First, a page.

The first person I interviewed was my sister’s friend who is nineteen years old and is in college. She works part-time a crew in a coffee shop just outside our village. I asked her about her job and how she was able to manage her time juggling work and studies. According to her, what she is doing is tiresome but she was able to do both activities since it is not simultaneous and that, she really has to be able to do so. She mentioned how she prioritizes work over her studies.
She attends to her class regularly but admits that, most of the time, she isn’t attentive. She said that she had to miss some of her morning classes because she’s too tired to get up in the morning. She gets to miss several classes but never miss even a minute of work. She told me that she doesn’t resent having to work while studying unlike other students because she believes that she is learning more and is getting personally better when she is forced to work and study at the same time. She takes everything as a training for what else worse that could happen.
She said she feels like there’s nothing that she won’t be able to get through because she has gotten stronger after all the early struggles in her life. She also said that her job as a crew is not all about the money she is earning. She said that she is also enjoying the work because she wants to put up business someday and she is planning to pursue food business. She has been learning a lot by working and feels more unfortunate than other students because she was able to directly apply what she learns from school.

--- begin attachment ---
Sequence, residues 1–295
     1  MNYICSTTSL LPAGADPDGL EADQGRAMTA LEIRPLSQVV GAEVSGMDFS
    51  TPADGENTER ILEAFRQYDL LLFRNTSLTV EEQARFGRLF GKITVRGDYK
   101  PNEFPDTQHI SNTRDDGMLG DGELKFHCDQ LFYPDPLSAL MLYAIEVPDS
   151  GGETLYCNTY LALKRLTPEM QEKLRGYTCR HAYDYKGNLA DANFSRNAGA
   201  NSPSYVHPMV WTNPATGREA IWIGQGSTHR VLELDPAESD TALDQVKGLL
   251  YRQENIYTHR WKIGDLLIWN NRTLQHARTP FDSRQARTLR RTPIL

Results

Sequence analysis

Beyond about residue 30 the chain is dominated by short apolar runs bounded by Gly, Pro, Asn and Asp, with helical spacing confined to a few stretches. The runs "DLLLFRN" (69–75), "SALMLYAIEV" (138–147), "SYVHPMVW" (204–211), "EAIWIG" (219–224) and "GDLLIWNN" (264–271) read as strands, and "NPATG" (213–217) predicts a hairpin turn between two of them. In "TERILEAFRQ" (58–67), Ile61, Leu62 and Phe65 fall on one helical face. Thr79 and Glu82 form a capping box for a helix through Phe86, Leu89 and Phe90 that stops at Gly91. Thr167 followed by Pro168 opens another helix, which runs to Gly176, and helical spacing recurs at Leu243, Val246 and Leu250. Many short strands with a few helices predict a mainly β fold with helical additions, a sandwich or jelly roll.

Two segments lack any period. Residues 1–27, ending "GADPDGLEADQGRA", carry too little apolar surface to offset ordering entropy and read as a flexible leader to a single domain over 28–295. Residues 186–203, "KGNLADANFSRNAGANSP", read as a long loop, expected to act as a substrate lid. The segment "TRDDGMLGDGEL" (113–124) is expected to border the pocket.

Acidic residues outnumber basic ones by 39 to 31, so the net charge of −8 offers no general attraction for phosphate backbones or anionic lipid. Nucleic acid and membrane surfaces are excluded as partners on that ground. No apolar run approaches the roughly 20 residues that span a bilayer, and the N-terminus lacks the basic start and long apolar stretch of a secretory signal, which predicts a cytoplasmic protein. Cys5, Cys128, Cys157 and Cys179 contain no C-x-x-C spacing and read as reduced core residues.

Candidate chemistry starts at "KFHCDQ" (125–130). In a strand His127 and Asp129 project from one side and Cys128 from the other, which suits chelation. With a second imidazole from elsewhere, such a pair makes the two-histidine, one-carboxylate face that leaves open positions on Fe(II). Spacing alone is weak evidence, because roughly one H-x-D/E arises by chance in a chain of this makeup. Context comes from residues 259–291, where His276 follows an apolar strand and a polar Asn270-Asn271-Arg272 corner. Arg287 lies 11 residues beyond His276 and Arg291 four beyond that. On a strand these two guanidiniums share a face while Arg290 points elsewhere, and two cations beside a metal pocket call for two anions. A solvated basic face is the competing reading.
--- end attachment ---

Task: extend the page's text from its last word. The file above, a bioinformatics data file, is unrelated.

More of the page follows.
In this interview, I would have to repeat some of her answers to make it appear that I am deeply interested in what she is saying. I have learned that paraphrasing also eliminates bars between two communicating parties because it makes one believe one is interested with the other’s tales (USDVA, 2004). When I repeat what she tells me, I say it in a different manner like this one time when she said, “I really don’t mind if I don’t get too good grades. Passing is enough for me.
I just know that I am more knowledgeable than them and I understand exactly what the principles are saying. They only know it by words! ” I would say, “You are no longer after the high grades because you know you understand the subject very well and school grades are just evaluation of school performance. ” And I would follow it immediately with a question to keep our conversation going. The next person I interviewed is my grandfather who is already seventy-eight.
We’ve talked about his life as part of the navy, how he met my grandmother and who is his favorite among his children. The talked about who is his favorite child is the most interesting part of our conversation. He said, “Your father wouldn’t lift a hand to reach something and would wait for his siblings or his mother or me to pass by so we could reach it for him. ” I said, “My dad wouldn’t bother himself trying to reach something and would have to rely on someone else so he could get that something. ”
Having to repeat their words would mean understanding the matter more clearly (RMIT, 2005). It is also a tool for clarifying ideas. In communication, it is very effective because when one feels that the other understands him, he feels more comfortable to talk about anything without any hesitations (Rowley, 2002). I was able to demonstrate it when I was able to extract information from my sister’s friend that is in a more personal level and when I was able to let my grandfather to bring back the memories he had with my father.
References: RMIT University. 2005. Paraphrasing. Study and Learning Center, RMIT. Retrieved February 10, 2009 from http://www. dlsweb. rmit. edu. au/lsu/content/4_WritingSkills/writing_tuts /paraphrase_LL/index. html. Rowley, Richard. 2002. Active Listening. Retrieved February 10, 2009 from http://www. aligningaction. com/activeli. htm. U. S. Department of Veterans Affairs. 2004. Listening to Paraphrase. Retrieved February 10, 2009 from http://www1. va. gov/adr/page. cfm? pg=46.